In the case of many laptops, the manufacturer will also have provided an option, via their website, to scan the laptop and automatically install any required drivers. This option can often be found in the driver downloads section of the website.
3. Use Driver Update Software
Using driver update software to update device drivers is the option I least recommend. It is the most straightforward way to install device drivers, and driver update software is used by many people. Generally you can simply run the software once to update your drivers, or install it and leave it running in the background to do so continuously. The problem with this method is that many driver update programs are riddled with malware. In fact, one of the first things I do when cleaning up a client’s computer is to uninstall driver update software. Many times these programs have been installed inadvertently and they continually present nagging pop-up windows.
If you do want to use driver update software, I would recommend Driver Booster from IObit. When installing Driver Booster, take care to avoid installing the additional recommended products, unless you really want to use them.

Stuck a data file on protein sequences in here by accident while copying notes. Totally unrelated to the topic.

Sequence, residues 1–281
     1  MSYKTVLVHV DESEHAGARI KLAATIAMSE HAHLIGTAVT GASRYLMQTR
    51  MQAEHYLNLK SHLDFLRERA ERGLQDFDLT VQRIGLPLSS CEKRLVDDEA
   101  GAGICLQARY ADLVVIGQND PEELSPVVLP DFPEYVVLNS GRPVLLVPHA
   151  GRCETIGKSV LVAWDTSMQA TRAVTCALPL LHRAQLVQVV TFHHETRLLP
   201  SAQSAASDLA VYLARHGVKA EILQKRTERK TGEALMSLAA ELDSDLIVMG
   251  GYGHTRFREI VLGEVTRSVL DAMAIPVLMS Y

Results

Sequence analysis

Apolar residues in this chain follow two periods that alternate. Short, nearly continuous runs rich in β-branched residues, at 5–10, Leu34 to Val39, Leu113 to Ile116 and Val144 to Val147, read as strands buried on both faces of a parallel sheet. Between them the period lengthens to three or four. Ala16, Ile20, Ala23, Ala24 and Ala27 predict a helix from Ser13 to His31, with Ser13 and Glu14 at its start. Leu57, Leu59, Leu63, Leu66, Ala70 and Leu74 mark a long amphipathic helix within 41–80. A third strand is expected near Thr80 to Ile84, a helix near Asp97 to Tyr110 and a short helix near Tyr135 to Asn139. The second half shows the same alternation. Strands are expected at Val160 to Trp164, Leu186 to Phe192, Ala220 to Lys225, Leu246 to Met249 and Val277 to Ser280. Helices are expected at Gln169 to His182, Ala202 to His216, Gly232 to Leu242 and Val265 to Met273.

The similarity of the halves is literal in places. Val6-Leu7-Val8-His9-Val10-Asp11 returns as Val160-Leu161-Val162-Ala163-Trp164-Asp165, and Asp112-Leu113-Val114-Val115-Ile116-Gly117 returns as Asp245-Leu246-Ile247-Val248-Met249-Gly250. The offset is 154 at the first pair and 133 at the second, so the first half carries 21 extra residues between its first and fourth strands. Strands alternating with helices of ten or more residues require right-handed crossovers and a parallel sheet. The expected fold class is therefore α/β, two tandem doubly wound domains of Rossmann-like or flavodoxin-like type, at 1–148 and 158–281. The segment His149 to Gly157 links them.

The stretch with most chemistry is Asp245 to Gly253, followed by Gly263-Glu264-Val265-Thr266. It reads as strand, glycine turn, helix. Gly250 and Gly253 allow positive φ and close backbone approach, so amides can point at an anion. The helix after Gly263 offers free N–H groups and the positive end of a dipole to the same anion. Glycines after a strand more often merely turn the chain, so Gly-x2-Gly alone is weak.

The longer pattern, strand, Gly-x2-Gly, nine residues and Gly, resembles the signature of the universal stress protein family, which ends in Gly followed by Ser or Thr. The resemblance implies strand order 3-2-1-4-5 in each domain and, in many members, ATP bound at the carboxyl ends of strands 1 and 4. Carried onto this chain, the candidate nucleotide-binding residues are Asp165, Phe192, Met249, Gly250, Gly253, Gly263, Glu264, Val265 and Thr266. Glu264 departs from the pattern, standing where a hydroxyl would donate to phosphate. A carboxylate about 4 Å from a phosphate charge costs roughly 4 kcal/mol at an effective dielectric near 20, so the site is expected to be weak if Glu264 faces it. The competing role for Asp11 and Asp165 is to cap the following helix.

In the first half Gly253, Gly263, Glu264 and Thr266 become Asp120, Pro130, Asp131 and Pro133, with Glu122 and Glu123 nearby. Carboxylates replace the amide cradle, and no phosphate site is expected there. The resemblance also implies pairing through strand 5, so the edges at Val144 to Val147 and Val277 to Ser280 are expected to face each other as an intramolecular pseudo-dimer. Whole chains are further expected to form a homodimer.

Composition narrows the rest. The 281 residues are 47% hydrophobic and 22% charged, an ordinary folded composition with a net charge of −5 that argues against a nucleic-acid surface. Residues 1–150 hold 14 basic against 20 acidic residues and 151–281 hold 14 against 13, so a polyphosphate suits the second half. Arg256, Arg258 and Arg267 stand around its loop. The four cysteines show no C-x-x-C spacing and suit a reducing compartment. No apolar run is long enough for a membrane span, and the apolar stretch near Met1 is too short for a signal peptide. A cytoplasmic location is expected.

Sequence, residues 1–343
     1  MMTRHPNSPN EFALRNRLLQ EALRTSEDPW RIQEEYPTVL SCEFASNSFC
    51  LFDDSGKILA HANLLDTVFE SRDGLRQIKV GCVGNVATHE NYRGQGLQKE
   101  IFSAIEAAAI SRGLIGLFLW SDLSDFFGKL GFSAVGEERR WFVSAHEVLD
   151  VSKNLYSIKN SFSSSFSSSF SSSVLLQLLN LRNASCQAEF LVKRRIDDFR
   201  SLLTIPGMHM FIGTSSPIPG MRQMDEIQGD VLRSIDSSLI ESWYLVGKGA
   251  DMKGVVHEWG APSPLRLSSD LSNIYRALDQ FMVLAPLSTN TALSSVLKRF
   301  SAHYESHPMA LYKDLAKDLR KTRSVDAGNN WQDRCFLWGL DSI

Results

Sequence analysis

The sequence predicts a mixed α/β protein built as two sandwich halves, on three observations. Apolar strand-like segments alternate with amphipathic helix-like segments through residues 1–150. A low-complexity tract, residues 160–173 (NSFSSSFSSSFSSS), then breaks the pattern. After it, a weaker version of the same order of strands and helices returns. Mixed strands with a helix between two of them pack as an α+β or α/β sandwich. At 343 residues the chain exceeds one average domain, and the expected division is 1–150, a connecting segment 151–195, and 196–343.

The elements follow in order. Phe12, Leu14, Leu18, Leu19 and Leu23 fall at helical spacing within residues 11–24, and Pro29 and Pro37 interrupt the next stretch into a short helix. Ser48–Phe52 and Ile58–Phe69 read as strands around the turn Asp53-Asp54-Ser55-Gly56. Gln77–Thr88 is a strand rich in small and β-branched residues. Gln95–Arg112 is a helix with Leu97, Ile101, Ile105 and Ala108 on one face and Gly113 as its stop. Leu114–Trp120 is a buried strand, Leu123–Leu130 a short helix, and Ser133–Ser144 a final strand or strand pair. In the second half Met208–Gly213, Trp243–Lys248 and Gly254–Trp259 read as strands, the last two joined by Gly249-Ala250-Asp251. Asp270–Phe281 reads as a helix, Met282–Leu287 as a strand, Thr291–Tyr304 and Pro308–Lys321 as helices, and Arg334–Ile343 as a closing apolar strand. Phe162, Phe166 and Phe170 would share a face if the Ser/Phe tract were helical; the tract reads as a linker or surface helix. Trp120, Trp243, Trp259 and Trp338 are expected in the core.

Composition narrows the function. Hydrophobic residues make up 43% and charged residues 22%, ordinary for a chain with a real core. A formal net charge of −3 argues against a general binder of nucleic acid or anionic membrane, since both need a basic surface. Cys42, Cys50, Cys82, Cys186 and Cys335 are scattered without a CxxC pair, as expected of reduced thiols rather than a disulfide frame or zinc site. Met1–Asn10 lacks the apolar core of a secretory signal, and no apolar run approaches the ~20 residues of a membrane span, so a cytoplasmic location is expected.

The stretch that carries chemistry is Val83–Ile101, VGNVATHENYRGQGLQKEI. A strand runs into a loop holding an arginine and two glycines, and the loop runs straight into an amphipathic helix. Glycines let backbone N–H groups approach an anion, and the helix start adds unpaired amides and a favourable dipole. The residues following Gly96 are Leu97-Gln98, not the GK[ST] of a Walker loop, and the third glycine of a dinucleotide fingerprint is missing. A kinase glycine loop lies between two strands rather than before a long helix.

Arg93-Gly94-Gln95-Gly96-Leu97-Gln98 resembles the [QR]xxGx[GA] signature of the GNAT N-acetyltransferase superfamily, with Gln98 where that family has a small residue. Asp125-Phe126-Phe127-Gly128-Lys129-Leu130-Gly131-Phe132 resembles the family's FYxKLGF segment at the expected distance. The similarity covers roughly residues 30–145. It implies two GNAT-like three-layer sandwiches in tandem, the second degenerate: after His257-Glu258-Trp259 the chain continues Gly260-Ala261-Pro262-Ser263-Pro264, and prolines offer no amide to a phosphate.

After installing and launching Driver Booster, it will scan your computer and you will be presented with a window showing you which drivers are required.
You can then click Update Now to install the driver updates.
4. Use Snappy Driver Installer
This is undoubtedly the least known of the four methods I’m describing, but my personal favourite. By using Snappy Driver Installer (SDI) you can install or update almost any driver without the need to be online when doing so, and without needing to install any software on your computer.